Is it okay to fire an employee for being too pretty?

The all-male Iowa Supreme Court said Friday that it would reconsider its 2012 ruling that a dentist acted legally when he fired an assistant that he found attractive simply because he and his wife viewed the woman as a threat to their marriage.

Melissa Nelson, who had sued the dentist for gender discrimination,  had fought against the court’s decision.

"Not only does this breathe new life into her court case, it eliminates what many of us believed was a harmful legal and misguided precedent," her lawyer told ABC News.

A Des Moines lawyer with no role in the case told the network that the justices will likely issue a new opinion.

"There really is no reason to grant rehearing six months after the decision was made unless someone is seriously considering changing their mind," Ryan Koopmans, the lawyer, told ABC News. "I think we'll definitely see at least one opinion in favor of Melissa, the question is whether it is the majority opinion or dissenting opinion." (read more)

Tags: attraction, employment, sexual

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True that 'can' ≠ 'should'. And now she's making sure he pays a price. This is going to cost him some of his practice even before he pays out in the civil suit that, no doubt, is coming. Simply because he got a pass over the Federal suit doesn't in any way preclude her suing him in civil court under tort law.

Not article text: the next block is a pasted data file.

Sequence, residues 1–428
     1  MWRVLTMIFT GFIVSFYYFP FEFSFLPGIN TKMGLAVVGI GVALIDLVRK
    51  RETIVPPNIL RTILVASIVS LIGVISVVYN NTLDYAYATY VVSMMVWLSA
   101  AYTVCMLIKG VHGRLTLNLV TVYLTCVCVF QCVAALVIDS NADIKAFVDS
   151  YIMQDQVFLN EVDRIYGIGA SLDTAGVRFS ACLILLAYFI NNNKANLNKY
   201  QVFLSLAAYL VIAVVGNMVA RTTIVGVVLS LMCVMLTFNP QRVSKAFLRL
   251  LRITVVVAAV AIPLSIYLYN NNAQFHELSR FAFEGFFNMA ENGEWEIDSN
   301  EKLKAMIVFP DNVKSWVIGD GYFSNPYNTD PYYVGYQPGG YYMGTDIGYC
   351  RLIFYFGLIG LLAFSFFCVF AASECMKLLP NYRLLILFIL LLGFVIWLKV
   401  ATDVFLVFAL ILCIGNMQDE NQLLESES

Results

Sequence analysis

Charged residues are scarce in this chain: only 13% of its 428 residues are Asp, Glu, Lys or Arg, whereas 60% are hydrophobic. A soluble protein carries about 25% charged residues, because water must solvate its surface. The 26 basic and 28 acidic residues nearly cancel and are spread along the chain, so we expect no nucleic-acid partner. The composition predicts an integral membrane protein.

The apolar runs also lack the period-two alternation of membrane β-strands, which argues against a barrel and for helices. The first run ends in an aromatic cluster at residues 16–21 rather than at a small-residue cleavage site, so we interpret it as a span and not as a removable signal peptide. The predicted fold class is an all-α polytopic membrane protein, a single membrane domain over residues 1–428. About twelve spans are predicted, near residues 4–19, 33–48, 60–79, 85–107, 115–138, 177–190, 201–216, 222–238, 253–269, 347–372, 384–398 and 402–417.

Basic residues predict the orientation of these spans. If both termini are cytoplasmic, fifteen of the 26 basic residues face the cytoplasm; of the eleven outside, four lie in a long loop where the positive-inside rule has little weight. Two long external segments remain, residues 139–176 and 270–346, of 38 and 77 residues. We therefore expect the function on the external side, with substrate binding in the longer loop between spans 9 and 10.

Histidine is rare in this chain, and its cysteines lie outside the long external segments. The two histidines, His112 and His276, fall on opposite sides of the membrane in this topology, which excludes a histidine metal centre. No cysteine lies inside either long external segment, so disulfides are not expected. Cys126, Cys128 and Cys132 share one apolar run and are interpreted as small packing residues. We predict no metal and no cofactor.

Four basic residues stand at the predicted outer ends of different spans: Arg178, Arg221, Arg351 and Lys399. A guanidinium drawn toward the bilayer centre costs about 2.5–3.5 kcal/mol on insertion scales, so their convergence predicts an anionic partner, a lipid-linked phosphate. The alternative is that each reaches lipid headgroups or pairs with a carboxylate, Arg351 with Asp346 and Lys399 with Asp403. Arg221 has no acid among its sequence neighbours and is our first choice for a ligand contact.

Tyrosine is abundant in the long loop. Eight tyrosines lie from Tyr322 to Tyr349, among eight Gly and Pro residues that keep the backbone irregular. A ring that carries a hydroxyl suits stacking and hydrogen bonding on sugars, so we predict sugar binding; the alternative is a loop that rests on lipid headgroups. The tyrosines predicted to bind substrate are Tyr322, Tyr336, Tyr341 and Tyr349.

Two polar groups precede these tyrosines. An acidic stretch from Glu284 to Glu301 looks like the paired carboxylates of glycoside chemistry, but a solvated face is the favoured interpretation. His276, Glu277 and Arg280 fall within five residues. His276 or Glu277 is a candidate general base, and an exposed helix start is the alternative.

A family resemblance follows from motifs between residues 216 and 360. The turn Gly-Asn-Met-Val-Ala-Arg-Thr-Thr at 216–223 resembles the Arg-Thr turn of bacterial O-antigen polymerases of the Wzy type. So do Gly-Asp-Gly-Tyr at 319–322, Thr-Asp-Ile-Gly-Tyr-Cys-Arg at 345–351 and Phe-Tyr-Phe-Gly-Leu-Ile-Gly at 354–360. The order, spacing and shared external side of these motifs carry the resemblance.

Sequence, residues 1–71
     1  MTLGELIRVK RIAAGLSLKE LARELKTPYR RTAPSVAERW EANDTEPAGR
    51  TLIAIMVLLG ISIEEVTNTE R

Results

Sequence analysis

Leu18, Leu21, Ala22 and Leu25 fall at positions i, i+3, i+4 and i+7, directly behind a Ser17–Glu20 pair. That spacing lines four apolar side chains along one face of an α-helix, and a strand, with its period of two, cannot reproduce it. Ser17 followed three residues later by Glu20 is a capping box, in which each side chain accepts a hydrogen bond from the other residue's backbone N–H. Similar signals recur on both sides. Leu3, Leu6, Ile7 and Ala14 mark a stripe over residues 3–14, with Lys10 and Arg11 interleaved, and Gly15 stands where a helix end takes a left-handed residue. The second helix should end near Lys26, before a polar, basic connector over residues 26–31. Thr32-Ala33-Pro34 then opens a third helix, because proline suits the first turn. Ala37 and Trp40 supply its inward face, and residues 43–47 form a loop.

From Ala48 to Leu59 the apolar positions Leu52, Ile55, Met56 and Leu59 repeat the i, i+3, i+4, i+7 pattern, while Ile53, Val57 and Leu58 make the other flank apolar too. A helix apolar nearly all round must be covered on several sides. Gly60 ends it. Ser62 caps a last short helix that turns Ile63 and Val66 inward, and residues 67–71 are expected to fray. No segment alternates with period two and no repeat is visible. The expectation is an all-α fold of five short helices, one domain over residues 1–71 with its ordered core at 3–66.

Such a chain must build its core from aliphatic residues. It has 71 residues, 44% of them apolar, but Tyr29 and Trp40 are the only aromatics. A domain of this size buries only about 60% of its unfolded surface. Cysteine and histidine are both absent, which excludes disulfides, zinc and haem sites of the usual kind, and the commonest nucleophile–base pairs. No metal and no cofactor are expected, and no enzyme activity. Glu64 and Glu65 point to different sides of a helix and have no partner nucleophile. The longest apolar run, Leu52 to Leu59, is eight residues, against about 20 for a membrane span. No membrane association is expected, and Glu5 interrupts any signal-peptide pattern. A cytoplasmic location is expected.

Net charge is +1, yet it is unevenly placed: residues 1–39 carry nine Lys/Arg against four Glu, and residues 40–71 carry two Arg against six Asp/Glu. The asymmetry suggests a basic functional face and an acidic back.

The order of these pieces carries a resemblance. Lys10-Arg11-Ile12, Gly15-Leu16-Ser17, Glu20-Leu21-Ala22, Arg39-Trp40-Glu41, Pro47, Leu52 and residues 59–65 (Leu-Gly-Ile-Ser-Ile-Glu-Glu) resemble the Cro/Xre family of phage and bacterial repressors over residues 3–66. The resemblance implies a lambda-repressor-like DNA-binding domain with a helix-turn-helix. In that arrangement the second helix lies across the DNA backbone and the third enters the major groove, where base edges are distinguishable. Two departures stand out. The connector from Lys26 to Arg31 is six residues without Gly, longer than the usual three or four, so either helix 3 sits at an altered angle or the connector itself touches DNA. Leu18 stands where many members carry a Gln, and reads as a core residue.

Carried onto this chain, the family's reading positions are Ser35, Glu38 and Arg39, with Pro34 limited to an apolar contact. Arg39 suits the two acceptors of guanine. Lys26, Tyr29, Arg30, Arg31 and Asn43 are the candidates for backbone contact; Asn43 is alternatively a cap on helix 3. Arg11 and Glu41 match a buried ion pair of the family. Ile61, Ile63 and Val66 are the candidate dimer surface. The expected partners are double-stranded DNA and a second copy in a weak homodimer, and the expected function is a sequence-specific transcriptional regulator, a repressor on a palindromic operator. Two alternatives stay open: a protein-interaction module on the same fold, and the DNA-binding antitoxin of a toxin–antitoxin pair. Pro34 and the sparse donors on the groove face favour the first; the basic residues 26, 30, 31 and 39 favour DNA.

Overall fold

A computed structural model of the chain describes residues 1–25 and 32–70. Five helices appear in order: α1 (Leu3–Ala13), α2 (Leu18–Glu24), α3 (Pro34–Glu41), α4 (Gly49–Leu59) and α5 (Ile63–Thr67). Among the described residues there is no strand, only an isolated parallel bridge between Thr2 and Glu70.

It had to be America, didn't it?

You don't have the right to fire someone because they're attractive. You do have the right, however, to change their dress code to prevent them from being attractive at work. Do the honorable thing and talk to the person who poses the supposed threat and work it out like adults.

I beg to differ. In many, perhaps most states, one has the right to hire and fire "at will," which means for no particular reason other than you want to. Remember, businesses don't exist for the benefit of their employees, they exist for the benefit of their owners.

Exceptions include firing based on sex, which would be shown by a history of preferring male candidatrs, or race, which would be shown by a history of overlooking qualified minority members in favor of white candidates.

I take it that this dentist, if anything, has preferred female candidates and Melissa's replacement is also female.

There may be a civil case where the standard is fairly low, but I think the dentist is off the hook for now. But in any case, his right to fire her is not in question.

RE: "You do have the right, however, to change their dress code to prevent them from being attractive at work." - yeah, that'd work:

Do the honorable thing and talk to the person who poses the supposed threat and work it out like adults.

You're forgetting the elephant in the room: the dentist's wife.

What about the woman who was fired in the US for refusing to have her twat waxed in front of her colleagues, cannot wait to see the judgement in that case !

Whoa!, I'm not familiar with that one. Looked it up. She worked in a parlor that does Brazilian waxings which adds a dimension of ambiguity to it, in the way that a parlor specializing in hair coloration might require employees to allow their hair to be colored or a tattoo parlor might want employees to be willing to be tattooed. However, her role was as an esthetician, which usually means doing nails and facials and other things where she could keep her clothes on. I think she has a case.

"esthetician"

Wow we are really getting down to nat's as-es....

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